Diagnosing and treating simple forms of cancer is becoming easier than ever, thanks to new advancements. Meet the doctors dedicated to helping patients fight this preventable disease.
Those who work in the fields of cancer research, diagnostics and treatment have made tremendous strides in stabilizing or reducing the incidence of cancer in the past two decades. Yet two of the most deadly forms, lung and melanoma, claim more and more victims each year.
The World Health Organization (WHO) estimates that about 1.4 million people worldwide died from lung cancer in 2010, more than twice the number claimed by any other type of cancer. The Skin Cancer Foundation reports that in 2010, one American died each hour from melanoma and its spread. In fact, one in five Americans will develop melanoma at some point.
Why do these cancers continue unabated, even when early diagnosis offers patients a reasonable chance of survival?
Dr. Fauzia Khattak, medical oncologist with the SwedishAmerican Regional Cancer Center, Rockford, sees more people diagnosed with lung cancer each year, despite increased awareness and advances in lung cancer diagnosis.
“Most of them are smokers, because smoking is a substantial risk factor, either actively or passively,” she says. “Sadly, we usually see these patients in advanced stages, because that’s when the symptoms present themselves.”
A recent CT scan clinical trial by the National Cancer Institute (NCI) demonstrated that the mortality rate for heavy smokers can be reduced with early detection, similar to the way that mammograms and PAP tests have decreased the mortality rate for breast and cervical cancer patients.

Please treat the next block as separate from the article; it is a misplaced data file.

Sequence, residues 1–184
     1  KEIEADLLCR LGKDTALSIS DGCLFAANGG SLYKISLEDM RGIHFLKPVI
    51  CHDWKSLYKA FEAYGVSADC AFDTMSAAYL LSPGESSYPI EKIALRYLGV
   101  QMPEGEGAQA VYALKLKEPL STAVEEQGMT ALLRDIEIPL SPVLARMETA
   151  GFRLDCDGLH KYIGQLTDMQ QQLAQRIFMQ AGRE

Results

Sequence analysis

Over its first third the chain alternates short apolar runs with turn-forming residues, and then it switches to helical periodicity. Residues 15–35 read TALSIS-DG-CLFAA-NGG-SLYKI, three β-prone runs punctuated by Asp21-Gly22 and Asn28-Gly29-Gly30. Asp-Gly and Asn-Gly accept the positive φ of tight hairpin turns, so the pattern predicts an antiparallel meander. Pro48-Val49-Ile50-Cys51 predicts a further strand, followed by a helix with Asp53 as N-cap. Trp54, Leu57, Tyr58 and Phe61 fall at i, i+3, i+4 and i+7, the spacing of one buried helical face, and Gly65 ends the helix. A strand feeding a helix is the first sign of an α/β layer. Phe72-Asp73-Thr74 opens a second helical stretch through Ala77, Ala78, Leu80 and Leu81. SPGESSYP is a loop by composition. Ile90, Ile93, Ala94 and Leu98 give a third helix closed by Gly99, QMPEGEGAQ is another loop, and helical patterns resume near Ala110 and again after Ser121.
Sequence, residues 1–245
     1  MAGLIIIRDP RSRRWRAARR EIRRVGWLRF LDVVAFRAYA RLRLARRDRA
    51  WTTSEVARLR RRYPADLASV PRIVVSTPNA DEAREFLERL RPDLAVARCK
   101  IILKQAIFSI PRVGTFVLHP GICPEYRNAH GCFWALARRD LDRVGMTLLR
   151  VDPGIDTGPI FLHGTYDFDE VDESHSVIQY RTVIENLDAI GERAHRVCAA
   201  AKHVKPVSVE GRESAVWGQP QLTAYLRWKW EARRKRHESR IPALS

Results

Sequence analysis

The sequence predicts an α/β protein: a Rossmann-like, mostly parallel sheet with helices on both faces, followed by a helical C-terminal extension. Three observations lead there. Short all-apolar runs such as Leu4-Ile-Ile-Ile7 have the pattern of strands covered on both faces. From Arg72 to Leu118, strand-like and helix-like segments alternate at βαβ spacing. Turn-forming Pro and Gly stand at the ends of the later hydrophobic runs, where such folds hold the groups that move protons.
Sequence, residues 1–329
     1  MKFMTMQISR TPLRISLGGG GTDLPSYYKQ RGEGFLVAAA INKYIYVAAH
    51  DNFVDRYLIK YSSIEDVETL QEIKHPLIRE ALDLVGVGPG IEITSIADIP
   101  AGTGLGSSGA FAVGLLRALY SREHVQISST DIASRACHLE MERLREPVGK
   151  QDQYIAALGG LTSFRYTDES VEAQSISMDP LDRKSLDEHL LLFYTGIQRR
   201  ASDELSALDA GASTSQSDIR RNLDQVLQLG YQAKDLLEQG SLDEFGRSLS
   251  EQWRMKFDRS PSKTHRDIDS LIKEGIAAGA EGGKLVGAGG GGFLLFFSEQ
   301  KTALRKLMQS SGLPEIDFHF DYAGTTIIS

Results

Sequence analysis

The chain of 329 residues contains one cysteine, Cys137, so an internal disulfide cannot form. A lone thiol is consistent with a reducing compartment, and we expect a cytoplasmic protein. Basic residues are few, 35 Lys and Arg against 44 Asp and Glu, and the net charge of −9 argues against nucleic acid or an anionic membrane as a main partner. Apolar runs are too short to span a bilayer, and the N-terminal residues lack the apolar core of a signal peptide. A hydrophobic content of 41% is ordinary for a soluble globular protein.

“Until now, we haven’t had screening recommendations for early lung cancer detection, because it wasn’t considered to be a cost-effective strategy,” Khattak explains. “But the National Cancer Institute study indicates that screening CT scans can decrease mortality for high-risk patients.”
In the NCI study, high-risk patients were defined as those with a history of smoking 30 to 35 packs of cigarettes per year, or former heavy smokers who quit within the past 15 years.
“In November 2010, the results of the trial indicated that screening CT scans can help diagnose lung cancer earlier,” Khattak says. “Use of CT scans to screen for lung cancer is still not a formal recommendation, and we anticipate problems from insurance agencies before it can become a practicality. Lung cancer is curable if it’s detected early.”
About 90 percent of lung cancer patients are smokers.
The disease is most often caught early only when an X-ray or CT scan is done for other reasons, like elective surgeries. “Patients presenting with pneumonia may get X-rayed, and a lung mass may be caught,” Khattak says. “Symptoms are usually late in presenting and may include a persistent, unexplainable cough, weight loss, shortness of breath and pain, if the cancer has involved the spine, bones, ribs or nerves.”